Sunday, 27 September 2015

A “Finish”, or not a “Finish”, that is the Question

Trail des Aiguilles Rouges, 27 September 2015

I am not really sure what I should say to those who ask me whether I finished the 2015 Trail des Aiguilles Rouges (TAR) in Chamonix.  On the one hand I know that I completed the course, and that the official results list me as finishing with a time of 11 hours 57 minutes, a ranking of 353 out of 642 starters.  But on the other hand I also know that I missed the cut-off time at Planpraz (after 18.5km) by four and a half minutes and so was officially disqualified at that point.  It might seem harsh, but those are the rules.  Just because I decided to continue on the course “unofficially”, and just because, for some reason, the marshal neglected to remove my electronic timing tag, does that mean I should claim the finish?  I will leave you to make your own decision.

Trail des Aiguilles Rouges, worth it just for the scenery
The Trail des Aiguilles Rouges had been on my bucket list for some time.  Being set in my “mountain home” of Chamonix, I knew the scenery and trails would be extraordinarily beautiful, and the very steep terrain is exactly the type that I prefer.  It is not a long race – listed at 50km, although my GPS recorded 53km – but over 4,000m of vertical ascent is packed into that short distance.  The race is arranged by the Chamonix Mont-Blanc Marathon association, and uses much the same logistics as the UTMB races held a month previously – needless to say it was brilliantly organised and managed.

I had managed to convince two friends – James and Anthony – to join me in my attempt at the TAR, with the plan being that our wives would come out for the weekend in Chamonix and that the ladies would enter the 15km, 1,200m P’tit TAR on the same day.  Sadly our team of six was reduced to four when James needed a major operation, and Sarah, my wife, damaged her ankle ligaments whilst training in Chamonix earlier in the summer.  As it turned out, Sarah and James made the perfect support crew, and it would not have been possible without them.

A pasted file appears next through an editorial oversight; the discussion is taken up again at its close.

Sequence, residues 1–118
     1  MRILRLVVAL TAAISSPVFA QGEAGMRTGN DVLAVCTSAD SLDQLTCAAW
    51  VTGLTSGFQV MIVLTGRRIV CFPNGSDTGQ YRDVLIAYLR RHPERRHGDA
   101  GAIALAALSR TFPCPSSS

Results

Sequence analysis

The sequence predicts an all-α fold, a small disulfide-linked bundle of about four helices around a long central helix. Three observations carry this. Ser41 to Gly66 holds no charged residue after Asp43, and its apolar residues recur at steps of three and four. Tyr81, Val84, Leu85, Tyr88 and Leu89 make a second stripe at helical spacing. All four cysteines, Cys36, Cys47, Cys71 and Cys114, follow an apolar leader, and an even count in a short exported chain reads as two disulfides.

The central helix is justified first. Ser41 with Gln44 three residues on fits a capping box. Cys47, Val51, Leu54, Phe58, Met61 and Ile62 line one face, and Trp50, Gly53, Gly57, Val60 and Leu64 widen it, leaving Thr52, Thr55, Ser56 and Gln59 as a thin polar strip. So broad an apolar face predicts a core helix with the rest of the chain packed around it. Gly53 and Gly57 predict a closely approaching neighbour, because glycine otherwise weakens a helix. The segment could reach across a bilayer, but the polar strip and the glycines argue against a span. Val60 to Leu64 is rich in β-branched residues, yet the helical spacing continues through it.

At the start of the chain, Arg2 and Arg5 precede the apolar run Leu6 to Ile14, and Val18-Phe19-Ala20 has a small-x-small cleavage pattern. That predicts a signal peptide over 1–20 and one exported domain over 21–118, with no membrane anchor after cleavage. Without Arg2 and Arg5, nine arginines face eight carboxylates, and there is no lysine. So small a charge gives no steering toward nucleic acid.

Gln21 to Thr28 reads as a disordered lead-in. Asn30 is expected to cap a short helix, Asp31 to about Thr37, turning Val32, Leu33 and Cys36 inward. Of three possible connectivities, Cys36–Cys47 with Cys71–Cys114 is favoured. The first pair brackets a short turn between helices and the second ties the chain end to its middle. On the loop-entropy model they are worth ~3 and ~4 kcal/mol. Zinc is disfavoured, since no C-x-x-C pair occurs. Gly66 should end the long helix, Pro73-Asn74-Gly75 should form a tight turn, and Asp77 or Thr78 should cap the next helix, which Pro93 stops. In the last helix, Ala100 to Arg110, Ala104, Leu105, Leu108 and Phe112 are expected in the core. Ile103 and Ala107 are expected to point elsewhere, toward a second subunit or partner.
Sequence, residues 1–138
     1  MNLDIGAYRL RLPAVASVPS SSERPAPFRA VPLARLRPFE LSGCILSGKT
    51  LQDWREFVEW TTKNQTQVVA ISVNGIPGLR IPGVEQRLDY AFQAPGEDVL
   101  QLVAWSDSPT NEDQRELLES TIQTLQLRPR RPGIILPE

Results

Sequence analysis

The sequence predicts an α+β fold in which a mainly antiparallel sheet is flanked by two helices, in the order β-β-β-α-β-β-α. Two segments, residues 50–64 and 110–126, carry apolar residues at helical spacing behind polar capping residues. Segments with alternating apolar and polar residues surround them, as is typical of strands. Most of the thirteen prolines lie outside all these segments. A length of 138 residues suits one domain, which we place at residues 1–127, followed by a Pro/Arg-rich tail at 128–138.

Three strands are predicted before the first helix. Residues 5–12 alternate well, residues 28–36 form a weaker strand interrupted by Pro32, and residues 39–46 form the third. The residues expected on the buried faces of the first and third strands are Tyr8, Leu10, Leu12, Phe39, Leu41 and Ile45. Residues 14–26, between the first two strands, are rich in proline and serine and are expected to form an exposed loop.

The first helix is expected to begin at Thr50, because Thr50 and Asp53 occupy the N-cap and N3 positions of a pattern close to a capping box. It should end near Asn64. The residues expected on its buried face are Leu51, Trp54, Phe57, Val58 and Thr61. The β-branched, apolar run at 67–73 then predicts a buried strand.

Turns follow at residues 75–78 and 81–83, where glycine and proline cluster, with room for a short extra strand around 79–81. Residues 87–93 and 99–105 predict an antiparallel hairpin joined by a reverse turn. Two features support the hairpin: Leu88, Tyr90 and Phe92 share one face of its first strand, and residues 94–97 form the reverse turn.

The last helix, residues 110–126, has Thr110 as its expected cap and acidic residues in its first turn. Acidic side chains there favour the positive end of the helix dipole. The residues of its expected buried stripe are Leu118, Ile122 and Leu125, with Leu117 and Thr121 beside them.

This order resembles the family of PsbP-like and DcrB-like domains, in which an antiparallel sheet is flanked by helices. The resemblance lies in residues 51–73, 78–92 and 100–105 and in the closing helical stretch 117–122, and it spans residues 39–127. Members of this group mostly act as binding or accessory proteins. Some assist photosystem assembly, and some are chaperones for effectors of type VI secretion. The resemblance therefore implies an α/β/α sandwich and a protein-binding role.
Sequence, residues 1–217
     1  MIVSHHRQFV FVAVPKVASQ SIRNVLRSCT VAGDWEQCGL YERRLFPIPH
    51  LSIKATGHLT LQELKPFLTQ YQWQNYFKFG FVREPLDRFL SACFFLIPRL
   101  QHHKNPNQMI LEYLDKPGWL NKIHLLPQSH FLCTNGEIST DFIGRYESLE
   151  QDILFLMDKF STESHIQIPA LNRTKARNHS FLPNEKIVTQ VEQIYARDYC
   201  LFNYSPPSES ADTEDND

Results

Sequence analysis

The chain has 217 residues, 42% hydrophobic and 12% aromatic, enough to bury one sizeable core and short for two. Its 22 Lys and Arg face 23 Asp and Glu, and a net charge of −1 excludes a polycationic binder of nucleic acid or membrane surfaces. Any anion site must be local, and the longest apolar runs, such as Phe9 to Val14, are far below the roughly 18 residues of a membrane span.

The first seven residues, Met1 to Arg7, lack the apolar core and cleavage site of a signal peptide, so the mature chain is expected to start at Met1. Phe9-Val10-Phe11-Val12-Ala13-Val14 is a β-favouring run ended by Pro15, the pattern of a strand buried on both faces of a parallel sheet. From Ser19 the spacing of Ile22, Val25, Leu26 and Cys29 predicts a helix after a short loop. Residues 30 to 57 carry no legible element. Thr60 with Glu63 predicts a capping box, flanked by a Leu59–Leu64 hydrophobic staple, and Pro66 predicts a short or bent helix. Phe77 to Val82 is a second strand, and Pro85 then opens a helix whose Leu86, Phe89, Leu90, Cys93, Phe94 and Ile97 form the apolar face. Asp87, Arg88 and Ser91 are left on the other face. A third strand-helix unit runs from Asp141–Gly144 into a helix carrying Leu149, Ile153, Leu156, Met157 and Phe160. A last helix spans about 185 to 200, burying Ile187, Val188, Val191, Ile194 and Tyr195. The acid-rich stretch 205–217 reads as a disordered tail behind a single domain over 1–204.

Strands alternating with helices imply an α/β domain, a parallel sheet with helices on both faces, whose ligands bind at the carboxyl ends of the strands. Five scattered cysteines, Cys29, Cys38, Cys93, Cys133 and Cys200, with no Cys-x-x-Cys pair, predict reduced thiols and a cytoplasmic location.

642 eager starters in Place de l'Eglise
It was therefore with some relief that Anthony and I stood at start line in the Place de l’Eglise, Chamonix, at 4.30am, fit and raring to go.  Following a short jog through the (mostly) sleeping town, the course then gave us a sharp taste of what was ahead with 11km of almost continuous climbing straight up 1,400m to the Lac Blanc in the Reserve Naturelle des Aiguilles Rouges.  It was a slog that took us 2 hours 45 minutes, but with the sublime views of the sun rising over the Mont Blanc Massif to distract us, the time actually seemed to pass quite quickly.  I will never forget standing at Flegere, a rosy pre-dawn glow rising over the mountains, a 4km long trace of headlights clearly marking out the trail up to Lac Blanc ahead of us, and shooting stars zipping overhead.  And people ask me why on earth I do this?

Chamonix wakes to the dawn sun on Mont Blanc
So what went wrong and why did we miss the cut-off time at Planpraz?  First, with its steep gradients and altitude, to compete well on this course I believe you need to be comfortable climbing at pace. Anthony had certainly put in the work in training, but I think much of his running had been comparatively flat. In contrast, my 75km race in The Lake District in June, plus a week training in Chamonix in July, had put some serious vertical into my legs.  This made a massive difference. 

The climb from Combe Lachenal to Col de Glière
Second, we certainly misjudged the timing of the section before the missed cut-off. Not only were we slow climbing but we failed to make up time on the flat and downhill. We lost a lot of time on the flat section between Col de Glière and Col de Lac Cornu.  The recent snowfall that remained on the north facing slopes had been polished hard and icy by the 600-plus pairs of feet that had passed ahead of us, making safe progress over the large boulders in the scree slopes extremely slow. 

Anthony at Col de Glière
Third, we did not manage our pace well, and given that I knew the route better, I must take responsibility for this. I should have realised that we were tight on the cut-off and pushed us on harder at an earlier point. We only missed the cut-off by four and a half minutes – such a small amount of time in the context of a 12 or 13 hour race  and I am sure that if Anthony had got past Planpraz he would have made it to Servoz and probably even the finish. I had the next 7 hours to contemplate and regret that oversight.